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UK - The 30 Sewage-Soaked Beaches That Put Public Health at Risk

As many as 30 beaches across Scotland have been polluted in breach of sewage safety limits so far this summer, according to data from the Scottish Environment Protection Agency (Sepa).

Heavy rain has caused sewers to overflow and animal faeces to be washed off the land, putting the health of swimmers, surfers and paddlers at risk in Dumfries and Galloway, Ayrshire, Argyll, Aberdeenshire, Fife and Lothian.

The worst contaminated bathing waters were at Aberdour in Fife and Luss Bay on Loch Lomond. Samples taken by Sepa after heavy rainfall in August contained levels of faecal bacteria between six and 50 times higher than the limits.

Other pollution hotspots included Portobello beach near Edinburgh, South Beach in Ayr and Rockcliffe in Dumfries and Galloway. One bathing water at Fisherrow in Musselburgh has been delisted after being rated “poor” for pollution five years running.

Campaigners warned that increasing numbers of people are being put at risk because wild swimming has boomed while the coronavirus has kept indoor pools closed. They have called for urgent investment to fix old sewers and prevent the sea being used as a “dumping ground”.

Scottish Water said extreme weather was “a challenge” but promised to keep working to improve water quality. Sepa advised people not to go swimming one or two days after heavy rain.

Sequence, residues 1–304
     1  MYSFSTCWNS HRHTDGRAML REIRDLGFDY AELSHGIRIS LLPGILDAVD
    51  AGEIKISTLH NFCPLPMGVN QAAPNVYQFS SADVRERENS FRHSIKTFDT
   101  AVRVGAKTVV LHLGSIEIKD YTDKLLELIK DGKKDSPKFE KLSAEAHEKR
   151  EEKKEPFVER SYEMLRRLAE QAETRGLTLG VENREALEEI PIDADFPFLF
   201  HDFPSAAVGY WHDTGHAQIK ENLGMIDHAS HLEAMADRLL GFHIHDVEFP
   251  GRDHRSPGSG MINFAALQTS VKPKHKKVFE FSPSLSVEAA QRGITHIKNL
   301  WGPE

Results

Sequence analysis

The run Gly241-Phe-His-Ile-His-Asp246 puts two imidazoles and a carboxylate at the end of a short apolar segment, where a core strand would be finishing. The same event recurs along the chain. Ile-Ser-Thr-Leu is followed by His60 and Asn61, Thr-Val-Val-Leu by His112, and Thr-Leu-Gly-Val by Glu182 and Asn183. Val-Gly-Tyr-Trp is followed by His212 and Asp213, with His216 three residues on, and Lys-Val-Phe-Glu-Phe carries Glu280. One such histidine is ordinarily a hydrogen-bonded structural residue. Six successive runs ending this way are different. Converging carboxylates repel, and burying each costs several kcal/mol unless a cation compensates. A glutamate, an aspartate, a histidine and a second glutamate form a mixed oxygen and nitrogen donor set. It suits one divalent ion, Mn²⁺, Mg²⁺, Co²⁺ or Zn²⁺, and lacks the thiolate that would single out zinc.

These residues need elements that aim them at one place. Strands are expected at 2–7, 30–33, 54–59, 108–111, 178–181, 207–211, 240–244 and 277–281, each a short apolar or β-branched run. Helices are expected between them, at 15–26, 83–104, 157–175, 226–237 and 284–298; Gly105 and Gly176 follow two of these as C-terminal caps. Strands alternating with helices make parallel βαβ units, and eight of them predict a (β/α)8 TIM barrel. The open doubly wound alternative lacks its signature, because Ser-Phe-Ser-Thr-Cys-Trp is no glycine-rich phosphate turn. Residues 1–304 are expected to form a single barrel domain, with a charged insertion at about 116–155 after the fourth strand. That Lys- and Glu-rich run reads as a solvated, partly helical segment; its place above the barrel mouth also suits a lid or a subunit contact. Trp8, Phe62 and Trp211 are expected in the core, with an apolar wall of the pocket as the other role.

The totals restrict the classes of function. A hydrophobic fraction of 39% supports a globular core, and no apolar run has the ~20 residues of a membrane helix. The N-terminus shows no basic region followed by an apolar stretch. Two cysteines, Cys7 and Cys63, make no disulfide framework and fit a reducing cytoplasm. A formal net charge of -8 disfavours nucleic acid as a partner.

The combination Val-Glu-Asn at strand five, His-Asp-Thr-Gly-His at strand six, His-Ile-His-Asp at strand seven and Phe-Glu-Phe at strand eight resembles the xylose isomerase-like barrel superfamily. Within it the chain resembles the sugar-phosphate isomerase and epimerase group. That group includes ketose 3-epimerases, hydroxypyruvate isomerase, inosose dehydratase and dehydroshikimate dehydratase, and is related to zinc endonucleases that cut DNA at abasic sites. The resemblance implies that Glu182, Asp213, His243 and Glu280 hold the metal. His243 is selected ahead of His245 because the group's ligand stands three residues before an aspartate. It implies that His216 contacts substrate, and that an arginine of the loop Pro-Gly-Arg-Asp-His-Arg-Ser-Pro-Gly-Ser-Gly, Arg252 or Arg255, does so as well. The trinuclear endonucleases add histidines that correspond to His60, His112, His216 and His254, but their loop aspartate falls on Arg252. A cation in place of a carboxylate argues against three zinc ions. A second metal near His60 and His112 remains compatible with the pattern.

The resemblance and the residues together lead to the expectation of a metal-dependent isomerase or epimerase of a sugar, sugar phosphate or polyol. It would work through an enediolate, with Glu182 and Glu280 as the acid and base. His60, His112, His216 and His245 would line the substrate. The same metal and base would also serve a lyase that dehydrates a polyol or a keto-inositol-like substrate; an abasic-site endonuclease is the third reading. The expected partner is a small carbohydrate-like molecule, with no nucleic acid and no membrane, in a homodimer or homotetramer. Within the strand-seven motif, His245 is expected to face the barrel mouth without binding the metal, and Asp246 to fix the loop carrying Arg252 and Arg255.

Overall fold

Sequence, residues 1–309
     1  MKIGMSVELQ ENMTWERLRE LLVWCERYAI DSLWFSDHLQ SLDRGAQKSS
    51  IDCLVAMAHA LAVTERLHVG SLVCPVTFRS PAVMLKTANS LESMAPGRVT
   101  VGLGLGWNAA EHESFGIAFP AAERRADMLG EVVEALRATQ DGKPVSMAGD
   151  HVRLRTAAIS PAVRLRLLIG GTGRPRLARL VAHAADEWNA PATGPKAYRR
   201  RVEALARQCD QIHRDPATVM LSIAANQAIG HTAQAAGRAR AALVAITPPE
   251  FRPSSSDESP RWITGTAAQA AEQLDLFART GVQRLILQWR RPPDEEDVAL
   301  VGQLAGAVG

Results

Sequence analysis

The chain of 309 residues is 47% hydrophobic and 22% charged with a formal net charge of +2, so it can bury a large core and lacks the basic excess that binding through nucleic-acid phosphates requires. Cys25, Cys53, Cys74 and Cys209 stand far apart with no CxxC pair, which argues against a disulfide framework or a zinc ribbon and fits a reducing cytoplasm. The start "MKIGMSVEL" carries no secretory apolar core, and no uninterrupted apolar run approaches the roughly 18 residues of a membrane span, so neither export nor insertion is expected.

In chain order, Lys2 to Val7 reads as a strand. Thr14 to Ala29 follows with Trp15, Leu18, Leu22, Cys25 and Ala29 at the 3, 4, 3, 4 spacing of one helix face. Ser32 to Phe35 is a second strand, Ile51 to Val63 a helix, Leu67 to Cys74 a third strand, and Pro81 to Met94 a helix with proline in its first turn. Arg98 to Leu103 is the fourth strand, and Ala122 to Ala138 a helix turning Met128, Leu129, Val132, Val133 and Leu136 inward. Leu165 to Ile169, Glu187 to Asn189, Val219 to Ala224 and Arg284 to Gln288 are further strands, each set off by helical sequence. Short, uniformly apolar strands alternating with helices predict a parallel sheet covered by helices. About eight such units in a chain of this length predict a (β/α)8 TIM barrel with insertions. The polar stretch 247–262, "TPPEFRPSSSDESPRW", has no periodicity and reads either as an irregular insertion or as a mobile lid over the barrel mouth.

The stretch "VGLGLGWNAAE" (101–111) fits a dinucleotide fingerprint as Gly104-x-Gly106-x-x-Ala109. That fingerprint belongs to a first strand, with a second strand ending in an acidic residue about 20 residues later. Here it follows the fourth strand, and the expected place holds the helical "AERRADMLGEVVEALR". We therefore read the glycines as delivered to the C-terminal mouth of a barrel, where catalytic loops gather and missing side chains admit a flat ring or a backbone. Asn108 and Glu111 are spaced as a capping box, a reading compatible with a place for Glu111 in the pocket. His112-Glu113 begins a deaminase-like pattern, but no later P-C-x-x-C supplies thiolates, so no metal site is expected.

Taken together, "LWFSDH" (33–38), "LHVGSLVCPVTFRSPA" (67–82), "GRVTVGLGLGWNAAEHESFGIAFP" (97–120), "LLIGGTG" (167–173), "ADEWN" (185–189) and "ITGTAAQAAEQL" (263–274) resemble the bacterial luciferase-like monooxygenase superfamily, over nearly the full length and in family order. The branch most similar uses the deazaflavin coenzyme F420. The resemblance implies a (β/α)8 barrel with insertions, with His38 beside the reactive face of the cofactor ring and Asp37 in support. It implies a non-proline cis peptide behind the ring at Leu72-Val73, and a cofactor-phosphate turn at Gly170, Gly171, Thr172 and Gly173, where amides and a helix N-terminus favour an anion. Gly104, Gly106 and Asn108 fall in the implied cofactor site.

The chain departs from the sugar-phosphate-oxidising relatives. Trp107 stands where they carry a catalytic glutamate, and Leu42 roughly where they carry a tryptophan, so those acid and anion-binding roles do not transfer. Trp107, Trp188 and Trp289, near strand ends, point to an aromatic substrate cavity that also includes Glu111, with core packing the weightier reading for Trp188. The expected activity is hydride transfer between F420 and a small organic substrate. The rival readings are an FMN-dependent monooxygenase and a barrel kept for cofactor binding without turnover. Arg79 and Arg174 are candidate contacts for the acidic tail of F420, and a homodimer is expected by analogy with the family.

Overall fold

Sepa samples bathing waters every summer to check whether concentrations of two faecal bacteria, E Coli and intestinal enterococci, breach European safety limits. They can cause stomach, ear, nose and throat infections.

But in 2020 fewer samples than usual are being taken because the official bathing season has been shortened by six weeks because of the Covid-19 pandemic. The Scottish Government decided that this year the season should run from 15 July to 15 September.

As a result Sepa told The Ferret that it would not be able to take enough samples to give bathing waters overall pollution classifications at the end of the 2020 season. Instead, the results from previous years will be used to rate bathing waters for 2021.

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